Life for most Egyptians has changed very little. For some, like the two million people involved in tourism, it has got worse because the tourists have seen scenes of violence on their televisions and are going elsewhere. Guides at Cairo’s Egyptian Museum and at the tombs and pyramids of Saqqara dolefully sit around with nothing to do or have gone home to sleep. In fact, there could hardly be a better time to visit Egypt, aside from the summer heat, because its greatest monuments can be seen without hordes of tourists getting in the way.
Corruption remains high and inescapable at all levels. One company successfully exporting marble had to go out of business because, although its trading profits were going up rapidly, they were not rising as fast as the demand for bribes by officials who sign essential permits. At a more lowly level an Italian-Egyptian tried to pass his driving test without paying a bribe. He was failed six times. At the seventh attempt his resolve failed and he let a 100 Egyptian pound note (about $20) flutter to the ground. “I think you dropped 100 pounds,” he said to the examiner who promptly replied “No, I think it was 200 pounds.” Soon after he obtained his driving license along with an appreciation as to why Egypt has a worst record for traffic accidents compared to almost anywhere in the world.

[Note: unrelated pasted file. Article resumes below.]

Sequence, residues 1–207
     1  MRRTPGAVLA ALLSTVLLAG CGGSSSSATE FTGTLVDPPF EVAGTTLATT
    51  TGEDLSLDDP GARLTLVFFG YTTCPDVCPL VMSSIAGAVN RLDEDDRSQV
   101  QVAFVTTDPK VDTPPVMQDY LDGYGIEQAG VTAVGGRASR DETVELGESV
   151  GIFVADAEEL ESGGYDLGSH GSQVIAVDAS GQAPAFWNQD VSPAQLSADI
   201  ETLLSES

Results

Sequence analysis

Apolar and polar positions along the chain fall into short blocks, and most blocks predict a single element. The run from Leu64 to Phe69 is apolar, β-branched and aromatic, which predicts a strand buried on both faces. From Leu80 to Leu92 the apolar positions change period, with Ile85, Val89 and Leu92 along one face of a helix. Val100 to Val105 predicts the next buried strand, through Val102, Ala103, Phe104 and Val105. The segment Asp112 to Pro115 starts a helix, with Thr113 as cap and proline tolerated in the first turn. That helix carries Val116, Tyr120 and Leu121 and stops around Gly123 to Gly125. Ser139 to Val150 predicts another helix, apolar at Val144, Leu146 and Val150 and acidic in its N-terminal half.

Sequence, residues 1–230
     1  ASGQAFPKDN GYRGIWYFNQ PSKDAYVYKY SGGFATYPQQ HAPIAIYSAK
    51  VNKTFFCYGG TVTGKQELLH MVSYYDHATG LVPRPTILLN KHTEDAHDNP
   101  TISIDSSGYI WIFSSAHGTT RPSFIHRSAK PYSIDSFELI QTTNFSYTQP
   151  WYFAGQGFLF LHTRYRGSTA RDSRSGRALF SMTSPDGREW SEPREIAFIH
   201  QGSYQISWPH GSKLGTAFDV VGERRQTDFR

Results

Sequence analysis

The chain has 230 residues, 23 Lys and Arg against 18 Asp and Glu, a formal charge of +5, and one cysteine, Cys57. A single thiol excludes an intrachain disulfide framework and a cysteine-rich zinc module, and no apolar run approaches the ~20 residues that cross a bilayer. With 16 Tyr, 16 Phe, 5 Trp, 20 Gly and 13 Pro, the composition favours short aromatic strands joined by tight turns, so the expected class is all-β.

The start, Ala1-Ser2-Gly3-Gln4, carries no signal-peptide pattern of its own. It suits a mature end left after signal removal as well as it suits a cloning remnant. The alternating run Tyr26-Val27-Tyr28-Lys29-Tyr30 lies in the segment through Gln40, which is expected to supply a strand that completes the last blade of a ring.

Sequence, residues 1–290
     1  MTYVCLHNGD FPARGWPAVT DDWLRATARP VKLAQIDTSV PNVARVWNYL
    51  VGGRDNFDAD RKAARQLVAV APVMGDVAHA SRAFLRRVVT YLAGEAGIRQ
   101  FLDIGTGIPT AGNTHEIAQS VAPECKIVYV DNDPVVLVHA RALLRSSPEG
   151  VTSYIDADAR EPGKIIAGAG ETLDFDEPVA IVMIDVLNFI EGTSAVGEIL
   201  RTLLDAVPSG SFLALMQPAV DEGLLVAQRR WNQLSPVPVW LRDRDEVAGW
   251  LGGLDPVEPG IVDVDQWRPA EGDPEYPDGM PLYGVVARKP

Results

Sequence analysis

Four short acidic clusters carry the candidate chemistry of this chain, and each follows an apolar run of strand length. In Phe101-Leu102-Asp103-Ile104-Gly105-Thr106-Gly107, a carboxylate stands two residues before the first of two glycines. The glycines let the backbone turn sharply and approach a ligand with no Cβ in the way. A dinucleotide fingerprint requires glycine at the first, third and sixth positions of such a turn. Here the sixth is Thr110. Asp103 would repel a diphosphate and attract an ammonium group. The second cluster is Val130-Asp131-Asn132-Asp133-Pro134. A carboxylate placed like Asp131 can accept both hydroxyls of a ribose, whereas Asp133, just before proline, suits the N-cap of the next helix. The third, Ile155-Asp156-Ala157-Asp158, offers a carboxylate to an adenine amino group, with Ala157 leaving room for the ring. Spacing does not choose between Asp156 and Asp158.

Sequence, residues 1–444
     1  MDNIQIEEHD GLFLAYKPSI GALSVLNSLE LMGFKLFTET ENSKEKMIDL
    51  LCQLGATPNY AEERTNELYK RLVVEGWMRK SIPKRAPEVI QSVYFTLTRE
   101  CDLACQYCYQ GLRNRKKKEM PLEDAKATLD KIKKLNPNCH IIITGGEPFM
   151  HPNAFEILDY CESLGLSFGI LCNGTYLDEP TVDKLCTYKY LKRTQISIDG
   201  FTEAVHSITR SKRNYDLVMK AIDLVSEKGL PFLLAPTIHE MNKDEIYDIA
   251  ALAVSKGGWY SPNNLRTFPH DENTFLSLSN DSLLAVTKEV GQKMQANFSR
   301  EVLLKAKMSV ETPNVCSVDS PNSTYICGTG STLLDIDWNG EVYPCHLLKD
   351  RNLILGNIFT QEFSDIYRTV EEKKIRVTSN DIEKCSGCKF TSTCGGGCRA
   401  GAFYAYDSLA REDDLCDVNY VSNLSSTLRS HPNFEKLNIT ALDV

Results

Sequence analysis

Cairo today is full of rumors because nobody knows where real power lies. A dubious newspaper article claiming that Mubarak was about to be amnestied in return for apologizing to the Egyptian provoked a howl of rage. Coptic clerics say the government has to do something about Muslim clerics claiming that Christian churches are full of weapons or, alternatively, with girls who converted from Christianity to Islam and have now been kidnapped by Copts to force them to recant.